Orton / Kane was, in a word, uninspiring. Randy's just not the same guy without that cocky smirk to fall back on, and I'm noticing a pretty substantial decrease in his in-ring intensity since the big win at Summerslam. Maybe that's got more to do with the the sudden increase in the size of his opponents than anything, but it's worrying all the same. The cage didn't add anything to this match, and Kane's character wasn't making any sense when he refused to pin Orton a couple of minutes after the re-start. What, does he have something to prove against Orton? Some sort of personal vendetta? Wouldn't he want to get the match over with, so he can be fresh for his match with Shawn Michaels this Sunday? I liked the way they tied the two halves of this one together by involving the chair in the finish of the match, but that's... that's about it.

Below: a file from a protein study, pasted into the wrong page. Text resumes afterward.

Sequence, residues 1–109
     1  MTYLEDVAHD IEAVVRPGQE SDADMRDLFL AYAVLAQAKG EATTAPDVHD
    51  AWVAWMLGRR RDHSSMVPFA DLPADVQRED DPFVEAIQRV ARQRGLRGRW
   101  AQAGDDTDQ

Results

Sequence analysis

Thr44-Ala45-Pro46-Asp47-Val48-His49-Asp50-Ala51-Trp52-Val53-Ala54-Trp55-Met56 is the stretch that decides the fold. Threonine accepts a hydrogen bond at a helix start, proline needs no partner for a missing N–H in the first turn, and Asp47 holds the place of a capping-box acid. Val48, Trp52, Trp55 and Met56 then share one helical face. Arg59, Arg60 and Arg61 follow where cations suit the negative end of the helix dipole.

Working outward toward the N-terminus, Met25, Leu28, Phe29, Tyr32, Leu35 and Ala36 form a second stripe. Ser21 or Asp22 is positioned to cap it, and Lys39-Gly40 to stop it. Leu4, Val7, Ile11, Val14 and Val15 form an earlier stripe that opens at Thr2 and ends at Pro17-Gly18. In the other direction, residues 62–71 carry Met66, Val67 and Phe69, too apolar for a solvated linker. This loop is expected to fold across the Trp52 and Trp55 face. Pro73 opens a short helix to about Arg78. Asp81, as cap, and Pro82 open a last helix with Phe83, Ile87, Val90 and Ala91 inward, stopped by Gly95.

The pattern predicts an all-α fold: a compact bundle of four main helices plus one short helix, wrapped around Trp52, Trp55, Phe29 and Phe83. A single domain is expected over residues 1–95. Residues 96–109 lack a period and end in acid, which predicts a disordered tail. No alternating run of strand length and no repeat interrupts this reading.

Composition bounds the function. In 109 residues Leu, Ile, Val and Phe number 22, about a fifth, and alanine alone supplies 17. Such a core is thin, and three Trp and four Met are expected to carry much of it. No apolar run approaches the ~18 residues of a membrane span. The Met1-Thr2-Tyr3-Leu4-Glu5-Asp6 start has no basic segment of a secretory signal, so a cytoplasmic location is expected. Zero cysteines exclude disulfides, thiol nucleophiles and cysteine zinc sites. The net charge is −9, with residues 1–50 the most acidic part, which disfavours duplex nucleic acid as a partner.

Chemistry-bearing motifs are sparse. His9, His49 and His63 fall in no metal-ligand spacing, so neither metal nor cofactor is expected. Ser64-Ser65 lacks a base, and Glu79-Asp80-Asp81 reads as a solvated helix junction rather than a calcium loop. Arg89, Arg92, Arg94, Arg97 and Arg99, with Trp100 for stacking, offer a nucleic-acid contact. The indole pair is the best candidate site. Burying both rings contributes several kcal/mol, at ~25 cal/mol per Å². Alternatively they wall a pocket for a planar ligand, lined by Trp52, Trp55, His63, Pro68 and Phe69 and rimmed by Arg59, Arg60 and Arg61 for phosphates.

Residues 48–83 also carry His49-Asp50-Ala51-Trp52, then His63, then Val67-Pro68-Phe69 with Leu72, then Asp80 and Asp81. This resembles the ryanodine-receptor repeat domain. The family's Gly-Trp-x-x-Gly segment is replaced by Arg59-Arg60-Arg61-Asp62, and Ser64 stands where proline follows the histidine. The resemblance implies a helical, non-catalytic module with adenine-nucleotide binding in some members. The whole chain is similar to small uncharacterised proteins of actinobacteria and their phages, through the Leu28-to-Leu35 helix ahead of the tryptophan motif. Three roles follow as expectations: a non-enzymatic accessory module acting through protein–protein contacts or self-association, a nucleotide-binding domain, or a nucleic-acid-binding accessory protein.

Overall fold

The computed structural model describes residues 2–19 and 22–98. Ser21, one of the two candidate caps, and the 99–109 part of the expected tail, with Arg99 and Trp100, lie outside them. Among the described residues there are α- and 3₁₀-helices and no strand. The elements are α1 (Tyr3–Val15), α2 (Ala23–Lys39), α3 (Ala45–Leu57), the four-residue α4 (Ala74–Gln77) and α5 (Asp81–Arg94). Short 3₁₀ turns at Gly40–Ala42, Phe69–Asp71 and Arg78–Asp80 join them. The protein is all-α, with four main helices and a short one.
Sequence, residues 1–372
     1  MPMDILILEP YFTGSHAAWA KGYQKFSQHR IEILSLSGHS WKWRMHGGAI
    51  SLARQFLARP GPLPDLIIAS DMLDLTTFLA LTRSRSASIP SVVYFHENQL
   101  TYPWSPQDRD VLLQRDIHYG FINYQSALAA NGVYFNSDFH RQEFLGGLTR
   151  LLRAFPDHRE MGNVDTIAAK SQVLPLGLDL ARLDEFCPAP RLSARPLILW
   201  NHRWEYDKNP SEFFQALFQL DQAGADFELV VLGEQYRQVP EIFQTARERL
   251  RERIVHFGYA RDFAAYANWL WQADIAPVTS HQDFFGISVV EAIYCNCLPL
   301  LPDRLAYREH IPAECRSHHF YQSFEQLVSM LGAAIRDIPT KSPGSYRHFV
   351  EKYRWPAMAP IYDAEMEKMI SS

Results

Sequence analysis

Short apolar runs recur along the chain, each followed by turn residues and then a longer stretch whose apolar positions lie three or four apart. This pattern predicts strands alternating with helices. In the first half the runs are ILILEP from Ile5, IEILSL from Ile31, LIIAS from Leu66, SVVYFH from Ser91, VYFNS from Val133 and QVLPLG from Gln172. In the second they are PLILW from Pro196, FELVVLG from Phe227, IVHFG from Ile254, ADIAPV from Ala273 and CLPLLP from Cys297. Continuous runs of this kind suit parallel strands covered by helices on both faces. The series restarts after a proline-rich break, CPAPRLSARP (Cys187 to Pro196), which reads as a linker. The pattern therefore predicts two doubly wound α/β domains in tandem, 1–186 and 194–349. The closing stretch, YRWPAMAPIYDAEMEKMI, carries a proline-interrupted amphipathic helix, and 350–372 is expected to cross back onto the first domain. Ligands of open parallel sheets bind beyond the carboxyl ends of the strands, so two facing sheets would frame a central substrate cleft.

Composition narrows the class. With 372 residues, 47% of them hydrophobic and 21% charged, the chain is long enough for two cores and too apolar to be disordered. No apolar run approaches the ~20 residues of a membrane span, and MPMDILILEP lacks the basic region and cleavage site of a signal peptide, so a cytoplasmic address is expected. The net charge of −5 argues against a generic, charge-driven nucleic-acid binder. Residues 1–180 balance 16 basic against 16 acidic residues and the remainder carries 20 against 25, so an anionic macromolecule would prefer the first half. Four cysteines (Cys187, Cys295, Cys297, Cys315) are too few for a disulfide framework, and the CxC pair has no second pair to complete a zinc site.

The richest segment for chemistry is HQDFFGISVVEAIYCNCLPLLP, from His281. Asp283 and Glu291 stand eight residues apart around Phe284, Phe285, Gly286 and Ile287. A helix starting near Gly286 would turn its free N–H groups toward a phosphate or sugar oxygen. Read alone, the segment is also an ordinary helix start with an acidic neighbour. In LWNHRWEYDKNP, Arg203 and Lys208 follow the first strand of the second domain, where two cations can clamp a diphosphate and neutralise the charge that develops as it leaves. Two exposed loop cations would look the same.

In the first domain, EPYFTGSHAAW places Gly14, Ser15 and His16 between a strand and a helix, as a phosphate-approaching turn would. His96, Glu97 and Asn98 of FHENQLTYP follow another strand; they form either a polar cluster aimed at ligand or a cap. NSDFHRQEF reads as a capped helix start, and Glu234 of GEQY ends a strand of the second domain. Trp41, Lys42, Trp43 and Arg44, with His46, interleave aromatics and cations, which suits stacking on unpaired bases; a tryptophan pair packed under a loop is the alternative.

This was a strange build to the PPV, kicking off in high gear and really doing a bang-up job of building the midcard of the show, but tail sliding its way through the build for the World Title match and secondary main event. Just a nipple better than last week, based entirely off of the rocketship the show seemed strapped to in the first half hour. I'm worried about the direction of the World Title, and it's looking more and more like I'm not the only one.

Score: 4.4 / 10